- UK Rate decision: Thursday, 11:00. The Bank of England kept interest rates on hold at its first meeting after the Brexit vote. However, the central bank left the door open for a rate cut in August to prevent recession after June’s referendum result has clouded the outlook for the British economy. The economic uncertainty is likely to weigh on growth and may drag Britain back into a recession. For this reason, the BoE prefers to act in advance of a downturn, rather than after one has begun. The Bank of England is expected to cut rates to 0.25% in August.
- Mark Carney speaks: Thursday, 11:30. Mark Carney, Governor of the Bank of England will speak in London about the Inflation Report. After the Brexit vote Carney stepped in to stem the Brexit panic. His main challenges are to prevent a recession, boost entrepreneurship and make the British economy work for everyone. Mr. Carney also said that the bank was piloting a digital currency project in order to better defend against crises such as Brexit, financial crimes, encourage honest competition, foster innovation, and financial inclusion and boost growth. Market volatility is expected.
- US Unemployment Claims: Thursday, 12:30. The number of Americans filing initial claims for unemployment benefits increased more than expected last week, rising 266,000 following 252,000 claims in the previous week. However, the underlying trend continues to show a robust labor market. Economists forecast a rise of 261,000. Claims remain below 300,000 for 73 consecutive weeks, the longest stretch since 1973. The four-week moving average of claims declined by 1,000 to 256,500 last week, the lowest level since April. The number of new claims is expected to reach 265,000 this week.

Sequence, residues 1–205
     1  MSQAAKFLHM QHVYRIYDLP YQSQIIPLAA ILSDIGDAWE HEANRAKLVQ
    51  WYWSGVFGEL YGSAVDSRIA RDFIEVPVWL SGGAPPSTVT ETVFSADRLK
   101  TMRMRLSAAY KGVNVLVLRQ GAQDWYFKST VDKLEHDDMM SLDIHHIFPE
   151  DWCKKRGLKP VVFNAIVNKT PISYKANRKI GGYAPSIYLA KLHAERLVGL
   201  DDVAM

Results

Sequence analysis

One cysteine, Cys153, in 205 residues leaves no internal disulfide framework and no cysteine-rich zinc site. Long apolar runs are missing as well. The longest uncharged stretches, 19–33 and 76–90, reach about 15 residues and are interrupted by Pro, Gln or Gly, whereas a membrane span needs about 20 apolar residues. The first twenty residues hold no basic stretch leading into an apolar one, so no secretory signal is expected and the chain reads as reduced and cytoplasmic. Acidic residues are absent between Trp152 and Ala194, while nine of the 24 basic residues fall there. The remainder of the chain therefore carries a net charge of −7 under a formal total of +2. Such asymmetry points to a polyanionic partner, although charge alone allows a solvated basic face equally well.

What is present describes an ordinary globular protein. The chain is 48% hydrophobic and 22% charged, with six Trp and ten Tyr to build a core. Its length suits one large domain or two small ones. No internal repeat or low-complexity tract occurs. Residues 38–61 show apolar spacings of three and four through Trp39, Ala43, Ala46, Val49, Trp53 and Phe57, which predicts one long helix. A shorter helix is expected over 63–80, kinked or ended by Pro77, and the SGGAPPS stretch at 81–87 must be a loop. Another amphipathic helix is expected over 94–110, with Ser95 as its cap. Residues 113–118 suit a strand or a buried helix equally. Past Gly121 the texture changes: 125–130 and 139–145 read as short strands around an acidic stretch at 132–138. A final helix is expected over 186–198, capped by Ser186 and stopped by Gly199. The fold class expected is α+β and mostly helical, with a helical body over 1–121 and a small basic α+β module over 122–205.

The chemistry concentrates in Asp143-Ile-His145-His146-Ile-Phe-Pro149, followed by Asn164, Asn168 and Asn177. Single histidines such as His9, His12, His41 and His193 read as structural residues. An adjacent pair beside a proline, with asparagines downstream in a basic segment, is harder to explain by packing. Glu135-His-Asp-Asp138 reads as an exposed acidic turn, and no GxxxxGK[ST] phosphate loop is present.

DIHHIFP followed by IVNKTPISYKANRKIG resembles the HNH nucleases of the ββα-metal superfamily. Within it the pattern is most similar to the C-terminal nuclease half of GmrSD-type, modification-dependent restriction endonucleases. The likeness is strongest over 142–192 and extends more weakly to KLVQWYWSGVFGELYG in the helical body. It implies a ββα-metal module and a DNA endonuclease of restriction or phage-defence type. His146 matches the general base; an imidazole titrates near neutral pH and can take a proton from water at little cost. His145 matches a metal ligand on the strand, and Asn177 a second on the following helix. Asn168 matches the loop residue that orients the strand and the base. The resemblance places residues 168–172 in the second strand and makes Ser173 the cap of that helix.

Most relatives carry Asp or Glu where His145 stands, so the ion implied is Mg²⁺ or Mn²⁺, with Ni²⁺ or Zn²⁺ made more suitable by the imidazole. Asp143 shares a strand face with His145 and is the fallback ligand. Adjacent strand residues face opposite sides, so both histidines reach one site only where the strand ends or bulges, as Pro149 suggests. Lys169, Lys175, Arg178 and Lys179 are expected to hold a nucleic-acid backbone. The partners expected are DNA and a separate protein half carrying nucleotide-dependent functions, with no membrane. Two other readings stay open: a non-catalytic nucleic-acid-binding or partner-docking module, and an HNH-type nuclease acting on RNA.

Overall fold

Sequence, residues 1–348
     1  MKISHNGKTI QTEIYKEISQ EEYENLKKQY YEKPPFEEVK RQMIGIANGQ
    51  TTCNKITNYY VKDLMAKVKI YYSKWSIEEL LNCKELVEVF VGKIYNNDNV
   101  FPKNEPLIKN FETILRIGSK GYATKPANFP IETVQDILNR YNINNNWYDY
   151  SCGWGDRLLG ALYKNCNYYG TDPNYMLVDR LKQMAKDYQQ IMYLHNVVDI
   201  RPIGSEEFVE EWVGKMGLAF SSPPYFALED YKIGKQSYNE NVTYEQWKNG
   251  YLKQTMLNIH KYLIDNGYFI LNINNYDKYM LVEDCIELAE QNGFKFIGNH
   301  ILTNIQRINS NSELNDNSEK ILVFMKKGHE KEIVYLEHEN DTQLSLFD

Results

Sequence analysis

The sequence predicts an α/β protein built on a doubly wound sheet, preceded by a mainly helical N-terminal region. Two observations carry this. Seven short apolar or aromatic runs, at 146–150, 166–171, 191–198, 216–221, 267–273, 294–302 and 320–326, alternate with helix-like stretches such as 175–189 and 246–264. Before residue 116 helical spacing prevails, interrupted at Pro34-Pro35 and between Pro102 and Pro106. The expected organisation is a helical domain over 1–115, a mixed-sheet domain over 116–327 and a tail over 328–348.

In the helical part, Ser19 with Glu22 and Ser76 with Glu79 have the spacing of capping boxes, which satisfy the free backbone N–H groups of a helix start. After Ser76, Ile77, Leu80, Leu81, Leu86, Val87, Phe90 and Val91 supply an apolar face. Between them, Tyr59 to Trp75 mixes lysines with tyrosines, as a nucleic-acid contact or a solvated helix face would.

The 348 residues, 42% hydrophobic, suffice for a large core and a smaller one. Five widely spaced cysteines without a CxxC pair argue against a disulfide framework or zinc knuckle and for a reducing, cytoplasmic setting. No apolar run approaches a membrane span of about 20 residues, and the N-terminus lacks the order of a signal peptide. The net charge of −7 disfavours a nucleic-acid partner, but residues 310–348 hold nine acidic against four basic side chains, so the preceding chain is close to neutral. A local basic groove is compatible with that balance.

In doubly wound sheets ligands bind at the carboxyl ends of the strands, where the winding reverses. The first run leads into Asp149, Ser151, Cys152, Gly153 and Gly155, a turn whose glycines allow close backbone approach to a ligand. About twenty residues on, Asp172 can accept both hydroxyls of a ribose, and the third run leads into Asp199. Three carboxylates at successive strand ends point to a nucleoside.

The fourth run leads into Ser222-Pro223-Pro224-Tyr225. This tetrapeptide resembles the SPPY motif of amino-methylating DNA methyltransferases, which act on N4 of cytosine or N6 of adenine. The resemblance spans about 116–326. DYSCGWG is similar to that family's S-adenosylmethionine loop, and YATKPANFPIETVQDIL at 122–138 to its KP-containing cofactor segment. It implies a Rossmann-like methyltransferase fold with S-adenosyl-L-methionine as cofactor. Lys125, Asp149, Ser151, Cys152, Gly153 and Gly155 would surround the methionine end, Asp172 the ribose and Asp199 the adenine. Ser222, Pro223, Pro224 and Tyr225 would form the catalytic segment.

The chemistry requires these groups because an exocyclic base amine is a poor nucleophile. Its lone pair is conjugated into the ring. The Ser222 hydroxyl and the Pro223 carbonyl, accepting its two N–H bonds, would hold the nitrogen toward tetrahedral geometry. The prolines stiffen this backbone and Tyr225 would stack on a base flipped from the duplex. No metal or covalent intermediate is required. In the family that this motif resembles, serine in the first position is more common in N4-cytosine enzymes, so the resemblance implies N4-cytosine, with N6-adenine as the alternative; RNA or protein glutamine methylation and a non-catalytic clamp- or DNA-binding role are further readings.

- Canadian Employment data: Friday, 12:30. Canadian labor shed 700 jobs as gains in the services sector were offset by declines in factory and construction work. The employment data suggests the Canadian economy is headed for a second-quarter contraction of up to 2%. The unemployment rate fell to 6.8% from 6.9 % in the previous month. The drop was largely due to the lower participation rate of 65.5% compared to 65.7 in the month before. The employment market is expected to gain 10,200 jobs, while the unemployment rate is predicted to rise to 6.9% in July.
- US Non-Farm Payrolls: Friday, 12:30. US employment market surprised in June with a positive payroll growth of 287,000 compared to an 11,000 gain posted in the previous month. Economists anticipated a jobs gain of 175,000. Meanwhile, the unemployment rate increased to 4.9% as more people entered the labor force. However, wages increased less than expected, as the hourly earnings increased by 0.1% from a month earlier. The pace of hiring remained strong but was moderated by weaker profits and overseas developments such as Britain’s vote to leave the European Union. The US employment market is expected to expand by 180,000 new jobs while the unemployment rate is expected to decline to 4.8%.
That’s it for the major events this week. Stay tuned for coverage on specific currencies
*All times are GMT.